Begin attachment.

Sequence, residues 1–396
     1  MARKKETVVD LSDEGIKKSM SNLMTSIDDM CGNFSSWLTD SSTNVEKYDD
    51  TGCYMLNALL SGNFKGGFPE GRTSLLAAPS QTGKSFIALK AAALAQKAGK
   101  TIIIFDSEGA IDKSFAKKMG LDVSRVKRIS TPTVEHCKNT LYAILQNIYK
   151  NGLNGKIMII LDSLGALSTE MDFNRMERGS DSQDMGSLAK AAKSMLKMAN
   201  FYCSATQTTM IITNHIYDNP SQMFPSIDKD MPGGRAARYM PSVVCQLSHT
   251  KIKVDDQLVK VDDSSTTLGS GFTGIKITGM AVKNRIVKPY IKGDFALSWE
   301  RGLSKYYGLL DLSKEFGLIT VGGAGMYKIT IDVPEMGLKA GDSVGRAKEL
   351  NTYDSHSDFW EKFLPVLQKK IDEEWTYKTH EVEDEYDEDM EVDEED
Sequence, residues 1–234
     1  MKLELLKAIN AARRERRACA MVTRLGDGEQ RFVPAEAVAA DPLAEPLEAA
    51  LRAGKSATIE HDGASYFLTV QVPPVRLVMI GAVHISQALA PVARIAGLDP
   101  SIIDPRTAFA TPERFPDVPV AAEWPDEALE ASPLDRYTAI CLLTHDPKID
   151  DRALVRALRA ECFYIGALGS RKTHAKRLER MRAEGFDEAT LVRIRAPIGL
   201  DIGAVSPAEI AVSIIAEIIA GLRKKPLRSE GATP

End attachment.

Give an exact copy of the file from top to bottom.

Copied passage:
Sequence, residues 1–396
     1  MARKKETVVD LSDEGIKKSM SNLMTSIDDM CGNFSSWLTD SSTNVEKYDD
    51  TGCYMLNALL SGNFKGGFPE GRTSLLAAPS QTGKSFIALK AAALAQKAGK
   101  TIIIFDSEGA IDKSFAKKMG LDVSRVKRIS TPTVEHCKNT LYAILQNIYK
   151  NGLNGKIMII LDSLGALSTE MDFNRMERGS DSQDMGSLAK AAKSMLKMAN
   201  FYCSATQTTM IITNHIYDNP SQMFPSIDKD MPGGRAARYM PSVVCQLSHT
   251  KIKVDDQLVK VDDSSTTLGS GFTGIKITGM AVKNRIVKPY IKGDFALSWE
   301  RGLSKYYGLL DLSKEFGLIT VGGAGMYKIT IDVPEMGLKA GDSVGRAKEL
   351  NTYDSHSDFW EKFLPVLQKK IDEEWTYKTH EVEDEYDEDM EVDEED
Sequence, residues 1–234
     1  MKLELLKAIN AARRERRACA MVTRLGDGEQ RFVPAEAVAA DPLAEPLEAA
    51  LRAGKSATIE HDGASYFLTV QVPPVRLVMI GAVHISQALA PVARIAGLDP
   101  SIIDPRTAFA TPERFPDVPV AAEWPDEALE ASPLDRYTAI CLLTHDPKID
   151  DRALVRALRA ECFYIGALGS RKTHAKRLER MRAEGFDEAT LVRIRAPIGL
   201  DIGAVSPAEI AVSIIAEIIA GLRKKPLRSE GATP